Turkish Cypriot tycoon guilty on charges of theft

A British jury has found Turkish Cypriot tycoon Asil Nadir guilty of 10 charges of theft from his collapsed Polly Peck conglomerate, 22 years after the company folded.

A jury at the Central Criminal Court returned seven guilty verdicts on Wednesday, in addition to three convictions decided on Monday. Nadir, 71, was found not guilty on three other charges of theft. Sentencing was set for Thursday.

Nadir was convicted of stealing a total of 28.6 million pounds ($45 million) from Polly Peck, which he built from a small textile firm in London into a conglomerate with interests in food, electronics and the leisure industry.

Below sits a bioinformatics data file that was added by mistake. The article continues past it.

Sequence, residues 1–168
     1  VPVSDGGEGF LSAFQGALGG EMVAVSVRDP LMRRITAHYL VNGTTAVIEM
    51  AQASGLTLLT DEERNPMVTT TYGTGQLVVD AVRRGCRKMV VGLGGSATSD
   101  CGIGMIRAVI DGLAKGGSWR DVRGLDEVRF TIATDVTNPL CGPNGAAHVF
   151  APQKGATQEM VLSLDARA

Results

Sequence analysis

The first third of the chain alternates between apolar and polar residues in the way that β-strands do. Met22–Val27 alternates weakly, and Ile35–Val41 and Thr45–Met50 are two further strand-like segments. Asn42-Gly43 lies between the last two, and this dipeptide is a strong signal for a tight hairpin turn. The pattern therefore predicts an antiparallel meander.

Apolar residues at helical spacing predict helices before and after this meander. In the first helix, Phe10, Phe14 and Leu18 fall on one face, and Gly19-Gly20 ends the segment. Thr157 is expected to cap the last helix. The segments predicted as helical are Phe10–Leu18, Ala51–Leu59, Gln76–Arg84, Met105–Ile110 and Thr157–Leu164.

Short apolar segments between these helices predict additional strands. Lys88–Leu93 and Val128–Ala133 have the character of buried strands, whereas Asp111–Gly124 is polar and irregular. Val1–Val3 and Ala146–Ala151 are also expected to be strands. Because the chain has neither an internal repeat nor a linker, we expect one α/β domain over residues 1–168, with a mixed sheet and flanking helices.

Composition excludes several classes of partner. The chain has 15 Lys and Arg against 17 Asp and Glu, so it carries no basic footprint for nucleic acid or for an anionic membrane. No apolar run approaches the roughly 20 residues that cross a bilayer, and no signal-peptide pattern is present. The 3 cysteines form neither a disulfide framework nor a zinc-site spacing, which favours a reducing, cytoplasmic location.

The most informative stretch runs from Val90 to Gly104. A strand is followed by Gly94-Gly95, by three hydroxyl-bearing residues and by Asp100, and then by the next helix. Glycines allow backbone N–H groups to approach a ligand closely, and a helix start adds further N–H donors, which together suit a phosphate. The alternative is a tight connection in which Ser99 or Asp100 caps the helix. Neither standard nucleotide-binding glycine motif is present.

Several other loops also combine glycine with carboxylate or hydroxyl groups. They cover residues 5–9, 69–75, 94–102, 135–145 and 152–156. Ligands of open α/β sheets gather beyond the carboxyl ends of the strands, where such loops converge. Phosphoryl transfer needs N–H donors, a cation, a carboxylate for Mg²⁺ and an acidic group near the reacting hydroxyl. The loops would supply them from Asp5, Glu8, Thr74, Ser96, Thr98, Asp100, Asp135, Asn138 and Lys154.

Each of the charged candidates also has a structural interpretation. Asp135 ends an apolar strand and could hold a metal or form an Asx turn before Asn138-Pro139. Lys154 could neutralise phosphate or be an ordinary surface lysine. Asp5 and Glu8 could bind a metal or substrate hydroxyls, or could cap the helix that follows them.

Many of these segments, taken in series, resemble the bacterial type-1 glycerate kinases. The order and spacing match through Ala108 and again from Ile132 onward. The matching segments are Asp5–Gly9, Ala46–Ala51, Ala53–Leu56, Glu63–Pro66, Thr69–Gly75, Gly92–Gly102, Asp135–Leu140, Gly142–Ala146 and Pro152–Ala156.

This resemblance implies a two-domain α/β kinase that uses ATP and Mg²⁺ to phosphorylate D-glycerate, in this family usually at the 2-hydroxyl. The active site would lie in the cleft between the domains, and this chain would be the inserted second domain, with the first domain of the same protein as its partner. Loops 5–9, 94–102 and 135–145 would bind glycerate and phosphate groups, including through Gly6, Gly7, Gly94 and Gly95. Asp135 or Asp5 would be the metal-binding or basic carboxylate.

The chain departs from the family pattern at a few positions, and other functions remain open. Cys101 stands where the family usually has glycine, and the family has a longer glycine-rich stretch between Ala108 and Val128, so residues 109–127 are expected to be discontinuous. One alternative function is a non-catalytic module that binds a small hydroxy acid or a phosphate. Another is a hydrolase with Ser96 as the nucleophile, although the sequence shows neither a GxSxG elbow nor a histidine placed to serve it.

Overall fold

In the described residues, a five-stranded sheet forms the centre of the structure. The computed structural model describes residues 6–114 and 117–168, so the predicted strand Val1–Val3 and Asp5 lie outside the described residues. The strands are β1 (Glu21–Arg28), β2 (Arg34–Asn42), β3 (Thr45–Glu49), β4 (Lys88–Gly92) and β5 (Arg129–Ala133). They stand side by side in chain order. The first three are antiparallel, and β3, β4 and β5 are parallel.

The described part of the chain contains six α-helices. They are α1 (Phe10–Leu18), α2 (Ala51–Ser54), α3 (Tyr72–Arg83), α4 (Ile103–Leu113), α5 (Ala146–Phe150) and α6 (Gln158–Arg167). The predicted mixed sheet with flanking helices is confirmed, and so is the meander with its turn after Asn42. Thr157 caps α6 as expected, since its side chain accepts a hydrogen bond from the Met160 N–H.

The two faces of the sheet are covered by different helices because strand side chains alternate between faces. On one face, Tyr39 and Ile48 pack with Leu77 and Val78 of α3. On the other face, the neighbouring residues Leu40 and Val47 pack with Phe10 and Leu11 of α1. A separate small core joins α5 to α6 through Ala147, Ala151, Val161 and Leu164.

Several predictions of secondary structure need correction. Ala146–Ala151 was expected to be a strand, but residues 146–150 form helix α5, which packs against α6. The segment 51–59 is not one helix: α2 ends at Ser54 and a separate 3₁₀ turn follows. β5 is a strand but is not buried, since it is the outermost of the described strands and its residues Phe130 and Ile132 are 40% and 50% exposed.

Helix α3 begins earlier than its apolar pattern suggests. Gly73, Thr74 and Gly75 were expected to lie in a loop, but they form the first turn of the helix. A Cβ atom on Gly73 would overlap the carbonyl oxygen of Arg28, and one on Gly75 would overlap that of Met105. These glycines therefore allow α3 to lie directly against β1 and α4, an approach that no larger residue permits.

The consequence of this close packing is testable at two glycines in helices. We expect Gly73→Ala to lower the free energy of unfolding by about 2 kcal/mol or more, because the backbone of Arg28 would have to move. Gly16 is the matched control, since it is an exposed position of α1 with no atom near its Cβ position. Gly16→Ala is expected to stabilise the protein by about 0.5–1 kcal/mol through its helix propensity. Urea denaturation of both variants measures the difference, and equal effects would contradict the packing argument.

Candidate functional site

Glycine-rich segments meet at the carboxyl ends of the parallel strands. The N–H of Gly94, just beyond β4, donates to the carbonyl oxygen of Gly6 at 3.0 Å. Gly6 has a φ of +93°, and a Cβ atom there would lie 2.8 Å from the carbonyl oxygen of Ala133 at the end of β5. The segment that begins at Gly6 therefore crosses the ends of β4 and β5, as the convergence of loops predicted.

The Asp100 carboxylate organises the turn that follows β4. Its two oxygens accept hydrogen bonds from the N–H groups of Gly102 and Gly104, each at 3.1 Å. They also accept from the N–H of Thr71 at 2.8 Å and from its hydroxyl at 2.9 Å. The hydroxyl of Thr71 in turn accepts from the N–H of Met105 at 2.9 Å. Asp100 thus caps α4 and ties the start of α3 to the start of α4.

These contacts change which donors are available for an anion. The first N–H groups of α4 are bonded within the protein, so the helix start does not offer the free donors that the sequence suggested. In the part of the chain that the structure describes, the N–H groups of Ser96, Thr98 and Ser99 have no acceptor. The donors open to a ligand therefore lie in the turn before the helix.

The company collapsed in 1990 with debts of 550 million pounds. In 1993, Nadir fled to Northern Cyprus, which had no extradition treaty with Britain, shortly before he was to stand trial.

Nadir returned in 2010 to face criminal charges, and went on trial in January charged with 13 counts of theft.

His wife Nur said he planned to appeal.

"A guilty man does not come back to face justice of his own accord," said Mrs. Nadir, 28.

Prosecutor Philip Shears had told the jury that Nadir, as chairman and chief executive of Polly Peck, had diverted millions of company funds to himself, his family and his associates.

At the end of 1989, Shears said, more than 80 percent of Polly Peck's cash balance was in subsidiaries in Turkey and Northern Cyprus, and most of the money wound up in a maze of offshore companies.

"When the administrators went to northern Cyprus, they effectively found no cash at all, just a black hole," Shears said. "There is a perfectly good explanation for that — it had gone. Asil Nadir had stolen it."